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"Punish the men who buy sex," say trafficked survivors

Source: Thomson Reuters Foundation - Mon, 11 Apr 2011 00:36 GMT
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 By Nita Bhalla

NEW DELHI (TrustLaw) - Asia and Pacific nations must enact and enforce laws to punish the buyers of prostituted sex who are promoting a trade which is forcing thousands of young girls into the industry every year, trafficked survivors say.

The region is the largest venue for human trafficking in the world, according to the United Nations Office for Drugs and Crime (UNODC), with most girls and women used for sexual exploitation.

While anti-trafficking laws exist in most countries, a group of women -- many of whom have spent years working under duress as prostitutes -- have met for the first time to collectively call on governments to not only enforce penalties on the profiteers of the trade, but also those demanding it.

"This is the first time survivors are coming together internationally," said Ruchira Gupta, president of Apne Aap Women Worldwide, an Indian charity working against human trafficking, which co-hosted a recent meeting with the Coalition Against Trafficking in Women (CATW).

"The fact that they have broken their silence in spite of the re-trauma and possible stigma shows that they desperately want the law to be amended on their behalf. They want those who rape them repeatedly to be punished not as revenge but as a deterrent to the perpetuation of the sex industry."

Around 70 women from countries across the region met in New Delhi last week to share their experiences and reject demands by some civil society groups to legalise prostitution, saying it served the demand side of sex trafficking.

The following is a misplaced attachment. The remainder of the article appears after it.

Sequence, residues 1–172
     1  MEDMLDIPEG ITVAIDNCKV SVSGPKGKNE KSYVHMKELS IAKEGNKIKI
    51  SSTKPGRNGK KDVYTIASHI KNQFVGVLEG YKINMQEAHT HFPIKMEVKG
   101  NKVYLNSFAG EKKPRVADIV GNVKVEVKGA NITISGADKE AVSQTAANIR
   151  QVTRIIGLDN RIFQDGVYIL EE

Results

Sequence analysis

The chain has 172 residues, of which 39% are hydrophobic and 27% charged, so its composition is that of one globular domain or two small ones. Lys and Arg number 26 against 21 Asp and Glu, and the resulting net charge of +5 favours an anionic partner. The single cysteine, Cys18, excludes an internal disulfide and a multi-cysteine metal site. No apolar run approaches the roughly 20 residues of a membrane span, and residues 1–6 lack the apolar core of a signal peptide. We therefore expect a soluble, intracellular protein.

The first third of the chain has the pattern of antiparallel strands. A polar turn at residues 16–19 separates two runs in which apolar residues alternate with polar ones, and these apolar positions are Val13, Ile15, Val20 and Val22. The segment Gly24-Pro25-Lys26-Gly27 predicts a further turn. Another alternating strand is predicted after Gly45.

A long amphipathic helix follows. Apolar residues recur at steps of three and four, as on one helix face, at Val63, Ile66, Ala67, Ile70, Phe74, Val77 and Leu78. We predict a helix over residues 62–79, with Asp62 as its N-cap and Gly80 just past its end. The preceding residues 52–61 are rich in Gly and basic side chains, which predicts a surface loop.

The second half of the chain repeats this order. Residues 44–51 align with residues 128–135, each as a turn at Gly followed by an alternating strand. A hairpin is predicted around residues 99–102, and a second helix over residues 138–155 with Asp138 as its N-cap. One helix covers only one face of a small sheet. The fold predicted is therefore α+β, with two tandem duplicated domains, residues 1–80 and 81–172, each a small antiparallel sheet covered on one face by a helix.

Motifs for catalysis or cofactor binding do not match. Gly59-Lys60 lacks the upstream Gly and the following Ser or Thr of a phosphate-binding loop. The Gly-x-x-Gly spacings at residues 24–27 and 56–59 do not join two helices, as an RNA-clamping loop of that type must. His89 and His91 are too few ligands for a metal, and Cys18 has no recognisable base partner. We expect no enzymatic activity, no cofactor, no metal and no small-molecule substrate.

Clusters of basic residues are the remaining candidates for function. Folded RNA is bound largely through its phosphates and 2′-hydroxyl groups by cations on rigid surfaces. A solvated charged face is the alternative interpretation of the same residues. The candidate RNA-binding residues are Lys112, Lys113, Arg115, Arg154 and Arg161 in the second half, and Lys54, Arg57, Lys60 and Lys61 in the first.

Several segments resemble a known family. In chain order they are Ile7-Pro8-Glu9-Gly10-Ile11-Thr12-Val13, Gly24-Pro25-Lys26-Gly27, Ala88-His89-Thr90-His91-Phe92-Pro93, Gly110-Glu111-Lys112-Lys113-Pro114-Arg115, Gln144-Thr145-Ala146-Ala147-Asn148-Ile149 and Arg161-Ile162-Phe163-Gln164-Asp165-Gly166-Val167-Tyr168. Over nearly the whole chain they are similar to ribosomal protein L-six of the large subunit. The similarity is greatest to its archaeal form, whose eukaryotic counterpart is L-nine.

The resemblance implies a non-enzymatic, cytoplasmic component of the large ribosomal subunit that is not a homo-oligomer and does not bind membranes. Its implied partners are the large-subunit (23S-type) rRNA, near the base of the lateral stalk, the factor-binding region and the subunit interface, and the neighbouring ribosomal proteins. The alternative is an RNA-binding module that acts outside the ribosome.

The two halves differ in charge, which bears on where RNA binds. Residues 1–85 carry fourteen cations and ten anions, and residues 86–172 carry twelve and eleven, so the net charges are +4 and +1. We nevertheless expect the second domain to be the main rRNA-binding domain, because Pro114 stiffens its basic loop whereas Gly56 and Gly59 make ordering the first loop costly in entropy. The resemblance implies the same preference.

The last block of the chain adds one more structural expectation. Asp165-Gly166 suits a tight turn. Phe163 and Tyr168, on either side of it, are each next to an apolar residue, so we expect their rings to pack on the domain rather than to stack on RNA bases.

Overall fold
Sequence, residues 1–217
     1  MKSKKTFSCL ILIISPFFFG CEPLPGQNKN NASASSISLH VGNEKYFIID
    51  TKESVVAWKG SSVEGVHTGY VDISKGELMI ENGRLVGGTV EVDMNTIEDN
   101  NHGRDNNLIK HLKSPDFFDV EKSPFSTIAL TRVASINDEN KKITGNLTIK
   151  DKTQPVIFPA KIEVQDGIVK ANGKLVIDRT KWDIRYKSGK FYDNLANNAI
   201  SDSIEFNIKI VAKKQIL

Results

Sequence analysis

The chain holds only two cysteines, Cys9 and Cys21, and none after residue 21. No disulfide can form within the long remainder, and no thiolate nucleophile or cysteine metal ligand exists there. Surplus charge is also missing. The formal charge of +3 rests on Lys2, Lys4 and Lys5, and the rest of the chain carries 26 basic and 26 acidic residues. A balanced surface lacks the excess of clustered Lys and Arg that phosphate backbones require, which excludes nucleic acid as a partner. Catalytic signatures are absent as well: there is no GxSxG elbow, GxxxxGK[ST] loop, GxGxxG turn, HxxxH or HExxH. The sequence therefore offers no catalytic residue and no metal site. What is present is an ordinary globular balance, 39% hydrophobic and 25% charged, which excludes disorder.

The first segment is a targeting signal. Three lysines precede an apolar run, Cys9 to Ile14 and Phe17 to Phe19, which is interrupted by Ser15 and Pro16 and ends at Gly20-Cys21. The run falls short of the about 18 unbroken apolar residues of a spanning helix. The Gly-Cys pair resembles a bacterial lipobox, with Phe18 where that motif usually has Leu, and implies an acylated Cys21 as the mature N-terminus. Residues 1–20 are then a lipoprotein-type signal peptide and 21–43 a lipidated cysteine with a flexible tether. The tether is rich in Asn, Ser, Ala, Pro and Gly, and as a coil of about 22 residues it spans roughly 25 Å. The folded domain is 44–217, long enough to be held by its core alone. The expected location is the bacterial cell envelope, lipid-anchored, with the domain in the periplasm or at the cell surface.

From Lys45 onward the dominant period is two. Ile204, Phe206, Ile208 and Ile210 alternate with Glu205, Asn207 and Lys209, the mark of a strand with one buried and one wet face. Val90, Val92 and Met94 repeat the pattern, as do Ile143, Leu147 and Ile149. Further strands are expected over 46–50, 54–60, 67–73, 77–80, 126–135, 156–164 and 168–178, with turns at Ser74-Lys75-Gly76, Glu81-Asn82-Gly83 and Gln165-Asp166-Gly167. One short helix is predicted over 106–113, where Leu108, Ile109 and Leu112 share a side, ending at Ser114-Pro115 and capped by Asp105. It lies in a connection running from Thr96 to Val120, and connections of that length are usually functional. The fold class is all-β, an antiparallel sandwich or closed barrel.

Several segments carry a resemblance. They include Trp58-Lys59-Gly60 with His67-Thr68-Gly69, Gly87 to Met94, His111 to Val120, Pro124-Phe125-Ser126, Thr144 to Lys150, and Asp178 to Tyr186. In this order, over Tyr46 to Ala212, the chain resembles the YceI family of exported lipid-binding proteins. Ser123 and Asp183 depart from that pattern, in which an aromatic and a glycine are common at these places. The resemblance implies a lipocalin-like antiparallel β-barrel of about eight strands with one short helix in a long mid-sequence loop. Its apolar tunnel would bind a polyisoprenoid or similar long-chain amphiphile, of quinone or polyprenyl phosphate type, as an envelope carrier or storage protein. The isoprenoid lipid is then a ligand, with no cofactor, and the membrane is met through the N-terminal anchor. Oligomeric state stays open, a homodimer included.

Millions of adults and children are in forced and bonded labour and commercial sexual servitude globally, with activists estimating that 80 percent of these trans-national victims are women and girls.

Traffickers often abduct from or take advantage of impoverished communities, luring girls and women with promises of jobs as maids or nannies in wealthy households. But, activists say, the reality is very different.

Girls sent to foreign towns and cities often end up as involuntary sex workers, sometimes detained in a room by their employers and forced into unprotected sex with multiple partners.

But gender rights campaigners and women who have survived and escaped this cycle of sexual violence say it is the victims who are criminalised, while the customers, pimps and brothel owners go free.

"As long as there is a buyer, the prostitution system can never be dismantled," said Fatima Nat Dhuniya from the impoverished eastern Indian state of Bihar, who was forced into prostitution by her husband and his family.

"Nobody is our owner -- not the husband, not the father, not the pimp, not the buyer, not the sex industry."

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